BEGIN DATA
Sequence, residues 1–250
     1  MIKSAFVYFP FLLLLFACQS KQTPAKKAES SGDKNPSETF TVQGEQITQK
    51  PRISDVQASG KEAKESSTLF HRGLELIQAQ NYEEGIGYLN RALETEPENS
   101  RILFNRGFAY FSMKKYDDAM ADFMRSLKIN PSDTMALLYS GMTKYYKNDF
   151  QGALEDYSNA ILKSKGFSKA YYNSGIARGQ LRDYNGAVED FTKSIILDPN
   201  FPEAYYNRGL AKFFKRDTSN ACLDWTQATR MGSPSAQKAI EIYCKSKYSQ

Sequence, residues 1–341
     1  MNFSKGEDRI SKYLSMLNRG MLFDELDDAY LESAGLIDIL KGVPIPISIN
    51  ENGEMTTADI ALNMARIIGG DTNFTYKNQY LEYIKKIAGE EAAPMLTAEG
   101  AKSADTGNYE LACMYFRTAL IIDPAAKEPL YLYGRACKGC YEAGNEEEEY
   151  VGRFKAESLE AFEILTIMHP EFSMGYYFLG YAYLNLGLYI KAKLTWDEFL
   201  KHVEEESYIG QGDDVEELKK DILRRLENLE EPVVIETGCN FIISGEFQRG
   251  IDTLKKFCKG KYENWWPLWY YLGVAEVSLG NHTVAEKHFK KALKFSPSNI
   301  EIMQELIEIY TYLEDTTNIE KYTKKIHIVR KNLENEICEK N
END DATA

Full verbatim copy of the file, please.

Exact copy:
Sequence, residues 1–250
     1  MIKSAFVYFP FLLLLFACQS KQTPAKKAES SGDKNPSETF TVQGEQITQK
    51  PRISDVQASG KEAKESSTLF HRGLELIQAQ NYEEGIGYLN RALETEPENS
   101  RILFNRGFAY FSMKKYDDAM ADFMRSLKIN PSDTMALLYS GMTKYYKNDF
   151  QGALEDYSNA ILKSKGFSKA YYNSGIARGQ LRDYNGAVED FTKSIILDPN
   201  FPEAYYNRGL AKFFKRDTSN ACLDWTQATR MGSPSAQKAI EIYCKSKYSQ

Sequence, residues 1–341
     1  MNFSKGEDRI SKYLSMLNRG MLFDELDDAY LESAGLIDIL KGVPIPISIN
    51  ENGEMTTADI ALNMARIIGG DTNFTYKNQY LEYIKKIAGE EAAPMLTAEG
   101  AKSADTGNYE LACMYFRTAL IIDPAAKEPL YLYGRACKGC YEAGNEEEEY
   151  VGRFKAESLE AFEILTIMHP EFSMGYYFLG YAYLNLGLYI KAKLTWDEFL
   201  KHVEEESYIG QGDDVEELKK DILRRLENLE EPVVIETGCN FIISGEFQRG
   251  IDTLKKFCKG KYENWWPLWY YLGVAEVSLG NHTVAEKHFK KALKFSPSNI
   301  EIMQELIEIY TYLEDTTNIE KYTKKIHIVR KNLENEICEK N